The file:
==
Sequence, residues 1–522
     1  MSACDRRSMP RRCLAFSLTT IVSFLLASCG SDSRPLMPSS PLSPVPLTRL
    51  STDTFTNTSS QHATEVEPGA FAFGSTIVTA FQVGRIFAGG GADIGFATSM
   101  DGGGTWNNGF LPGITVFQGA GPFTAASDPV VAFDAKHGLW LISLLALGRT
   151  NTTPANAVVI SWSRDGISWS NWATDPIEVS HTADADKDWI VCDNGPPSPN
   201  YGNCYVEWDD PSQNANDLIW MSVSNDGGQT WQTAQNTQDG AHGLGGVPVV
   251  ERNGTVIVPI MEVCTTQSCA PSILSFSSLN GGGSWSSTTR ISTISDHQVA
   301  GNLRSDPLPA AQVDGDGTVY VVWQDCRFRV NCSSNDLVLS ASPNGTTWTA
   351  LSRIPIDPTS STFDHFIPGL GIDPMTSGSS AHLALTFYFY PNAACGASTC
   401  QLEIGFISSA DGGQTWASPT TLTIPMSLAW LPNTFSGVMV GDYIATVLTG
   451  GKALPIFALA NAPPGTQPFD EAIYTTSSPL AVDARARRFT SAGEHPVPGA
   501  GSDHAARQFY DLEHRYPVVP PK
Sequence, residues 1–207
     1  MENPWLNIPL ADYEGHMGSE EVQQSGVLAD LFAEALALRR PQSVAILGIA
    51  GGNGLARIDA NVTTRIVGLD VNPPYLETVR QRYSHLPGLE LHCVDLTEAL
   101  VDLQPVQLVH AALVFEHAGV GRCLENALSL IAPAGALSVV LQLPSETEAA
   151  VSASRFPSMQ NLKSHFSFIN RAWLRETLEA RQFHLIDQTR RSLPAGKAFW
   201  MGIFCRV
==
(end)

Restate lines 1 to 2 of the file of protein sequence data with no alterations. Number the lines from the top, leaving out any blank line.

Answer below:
Sequence, residues 1–522
     1  MSACDRRSMP RRCLAFSLTT IVSFLLASCG SDSRPLMPSS PLSPVPLTRL